Bitcoin exchange rate graphic illustration
President Joe Biden told United States federal agencies to regulate cryptocurrencies and other digital assets, like NFTs. Biden maintains that regulating this fast-growing industry is so important that it’s become a “matter of national security.” It’s an interesting point of time for this action, as the crypto market is going through a tumultuous time, losing large amounts of value for its investors.
Regulatory bodies, such as the Securities and Exchange Commission, the Commodity Futures Trading Commission, Internal Revenue Service and FINRA, will likely coordinate their investigations, audits and examinations. They’ll also review whether or not tokens should be considered and registered as securities.
So far, the likelihood of regulation and the “recent crash in the value of bitcoin and other cryptocurrencies has not yet affected the rich total compensation packages offered by cryptocurrency firms, according to an analysis by the professional social network Blind.”
The compensation is highly competitive at cryptocurrency exchanges. They also tend to offer remote work options and other great benefits. Typical total compensation packages at bitcoin and cryptocurrency exchanges usually offer employees equity, stock options and restricted stock units—which could result in future windfalls, if the firm does well.
According to self-reported salary data listed on Blind, here is what people say they earn working in the cryptocurrency space at a top exchange. These numbers are for engineers. The compensation for other professionals, managers and executives may escalate even higher:
The demand for talent for bitcon, digital assets, NFTs and related platforms is blazing hot. A search on LinkedIn’s job site for “crypto” yields 15,433 results in the U.S. There were 4,656 listings for “bitcoin” jobs and 6,381 for “NFTs.” The site, unfortunately, doesn’t disclose the compensation on most of the job listings.
Companies, in an effort to attract and recruit talent, are offering higher wages, sign-on bonuses, remote, hybrid and flexible workstyles, one-on-one mentoring and free college tuition. There is another sweetener that some businesses are considering to attract people to join their firms—paying in bitcoin and other cryptocurrencies.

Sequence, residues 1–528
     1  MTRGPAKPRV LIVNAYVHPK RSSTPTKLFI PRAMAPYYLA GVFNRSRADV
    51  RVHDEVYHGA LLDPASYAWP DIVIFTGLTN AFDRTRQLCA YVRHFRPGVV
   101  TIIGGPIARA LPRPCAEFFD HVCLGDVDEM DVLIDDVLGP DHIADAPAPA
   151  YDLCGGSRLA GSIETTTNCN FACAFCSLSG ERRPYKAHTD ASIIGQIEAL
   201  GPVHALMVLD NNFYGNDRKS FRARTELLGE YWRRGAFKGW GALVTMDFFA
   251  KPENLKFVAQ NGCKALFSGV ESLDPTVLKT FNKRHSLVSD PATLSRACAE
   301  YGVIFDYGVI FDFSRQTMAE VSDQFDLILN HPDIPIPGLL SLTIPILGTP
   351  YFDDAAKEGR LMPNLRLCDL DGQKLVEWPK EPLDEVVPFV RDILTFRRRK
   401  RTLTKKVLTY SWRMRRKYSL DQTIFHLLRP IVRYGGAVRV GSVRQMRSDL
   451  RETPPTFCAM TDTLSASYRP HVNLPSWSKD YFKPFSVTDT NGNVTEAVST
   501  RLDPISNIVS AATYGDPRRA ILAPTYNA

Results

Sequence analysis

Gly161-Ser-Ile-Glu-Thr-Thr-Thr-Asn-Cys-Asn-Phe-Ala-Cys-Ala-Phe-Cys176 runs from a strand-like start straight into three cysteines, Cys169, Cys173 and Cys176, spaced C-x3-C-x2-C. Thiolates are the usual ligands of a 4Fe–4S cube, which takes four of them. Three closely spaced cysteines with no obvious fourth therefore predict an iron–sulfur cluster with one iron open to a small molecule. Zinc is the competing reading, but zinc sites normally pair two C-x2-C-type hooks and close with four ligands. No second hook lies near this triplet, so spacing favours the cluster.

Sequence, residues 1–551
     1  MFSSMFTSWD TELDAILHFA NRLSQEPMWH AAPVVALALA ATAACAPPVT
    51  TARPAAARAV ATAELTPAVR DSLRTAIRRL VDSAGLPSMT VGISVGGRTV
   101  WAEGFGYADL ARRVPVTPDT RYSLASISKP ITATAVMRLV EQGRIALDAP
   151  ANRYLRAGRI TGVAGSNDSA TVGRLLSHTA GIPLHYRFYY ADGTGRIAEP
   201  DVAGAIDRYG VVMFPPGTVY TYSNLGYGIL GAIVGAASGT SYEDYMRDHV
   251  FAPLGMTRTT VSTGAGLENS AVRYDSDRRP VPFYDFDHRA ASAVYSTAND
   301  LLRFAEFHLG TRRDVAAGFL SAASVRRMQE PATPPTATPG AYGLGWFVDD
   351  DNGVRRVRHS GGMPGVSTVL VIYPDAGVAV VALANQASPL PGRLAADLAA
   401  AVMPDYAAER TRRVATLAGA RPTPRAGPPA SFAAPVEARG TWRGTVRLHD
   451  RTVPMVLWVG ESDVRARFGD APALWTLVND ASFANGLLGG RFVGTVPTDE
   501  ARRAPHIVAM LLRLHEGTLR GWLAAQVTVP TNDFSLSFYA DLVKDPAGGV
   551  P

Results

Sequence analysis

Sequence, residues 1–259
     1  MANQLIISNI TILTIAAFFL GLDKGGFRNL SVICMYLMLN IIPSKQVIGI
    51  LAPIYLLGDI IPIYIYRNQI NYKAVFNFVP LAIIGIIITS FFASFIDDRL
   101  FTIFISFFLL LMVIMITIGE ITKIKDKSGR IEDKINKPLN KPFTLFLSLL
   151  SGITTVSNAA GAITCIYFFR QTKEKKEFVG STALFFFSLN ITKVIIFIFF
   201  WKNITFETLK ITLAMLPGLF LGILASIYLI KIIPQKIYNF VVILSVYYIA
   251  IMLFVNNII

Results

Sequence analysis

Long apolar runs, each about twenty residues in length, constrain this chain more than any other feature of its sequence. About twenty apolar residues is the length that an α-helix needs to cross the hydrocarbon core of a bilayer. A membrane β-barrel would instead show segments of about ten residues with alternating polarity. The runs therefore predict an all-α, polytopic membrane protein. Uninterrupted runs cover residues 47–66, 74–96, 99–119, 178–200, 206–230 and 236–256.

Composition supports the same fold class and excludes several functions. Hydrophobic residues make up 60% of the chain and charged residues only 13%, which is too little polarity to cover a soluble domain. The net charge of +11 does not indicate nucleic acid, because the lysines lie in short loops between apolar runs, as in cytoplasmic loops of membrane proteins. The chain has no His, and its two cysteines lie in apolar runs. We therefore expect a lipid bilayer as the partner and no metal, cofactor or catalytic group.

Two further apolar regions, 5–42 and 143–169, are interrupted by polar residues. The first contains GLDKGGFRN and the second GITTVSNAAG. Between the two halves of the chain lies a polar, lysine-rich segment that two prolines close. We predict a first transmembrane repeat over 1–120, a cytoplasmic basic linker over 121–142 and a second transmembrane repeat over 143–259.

In 2021, we saw digital assets go parabolic. The number of new crypto projects and the incredible rise in value of the asset class caught America and the world’s attention. To some people, purchasing digital assets was viewed as a hedge against the U.S. dollar that’s being devalued, due to rising inflation and questionable policies from the federal government and Federal Reserve bank. Other folks, especially young people, saw cryptocurrencies as a YOLO (you-only-live-once) trade that could make them rich quickly.
Burdened with heavy college tuition debt payments, exorbitant apartment and home prices, coupled with an alarming inflation rate raising the price of everything, digital assets seemed like the only way to get ahead financially.
If you get paid in U.S. dollars, as inflation increases, the value of your paycheck decreases. Recent data from the Bureau of Labor Statistics highlights rising costs. The consumer price index in September spiked 5.4% higher in 2021. The growth was so fast and furious that the U.S. government called for a nearly 6% cost-of-living increase for people on Social Security. This was the largest hike in four decades. Inflation has surged by 7%.
We are seeing signs of change in payments. Miami Mayor Francis Suarez said he would take a paycheck “100% in Bitcoin” and will also offer cryptocurrencies to public employees too. Eric Adams, the new Mayor of New York City, similarly announced that he’s looking into paying people in bitcoin and other digital assets, and will accept his first three paychecks in bitcoin. Sports stars “Russell Okung, Odell Beckham Jr. and Aaron Rodgers have all said they will be paid, at least in part, in crypto,” according to Bloomberg.
If you accept a salary in crypto, you have to have a strong stomach and be comfortable with seeing strong gains, along with scary plunges in value. Payment in cryptocurrency is not without risk. There is a lot of volatility in this space.
In 2021, the price of bitcoin hit $67,000 and subsequently plunged to under $30,000, and then bounced back again. Ethereum saw record highs of around $4,800 on December 1, only to see it trade lower at around $3,600 to $3,900. If you were paid in bitcoin, ethereum or other coins at a high point and then the price cratered, you will owe taxes based on the higher value you were paid.
For people who ardently believe in the future of crypto, are open to volatility and risk and have a long-term time horizon, payment in Bitcoin may be an exciting new way to enhance your wealth.
Beckham signed a one-year deal with a base salary of $750,000 and bonuses that could bump it up to $4.25 million. The NFL wide receiver said was taking his entire salary in bitcoin. He reportedly converted a $750,000 paycheck into bitcoin, and may have lost the equivalent of almost $350,000, according to an analysis from MarketWatch. While the price of bitcoin has since somewhat rebounded, it hasn’t fully recovered and remains extremely unpredictable.
It could turn out that bitcoin surges and his next check will be substantially higher. Beckham most likely could afford the wild swings. For others, it’s a cautionary tale to be careful about the vicissitudes of cryptocurrencies and converting your cash salary into highly volatile and largely unregulated digital tokens.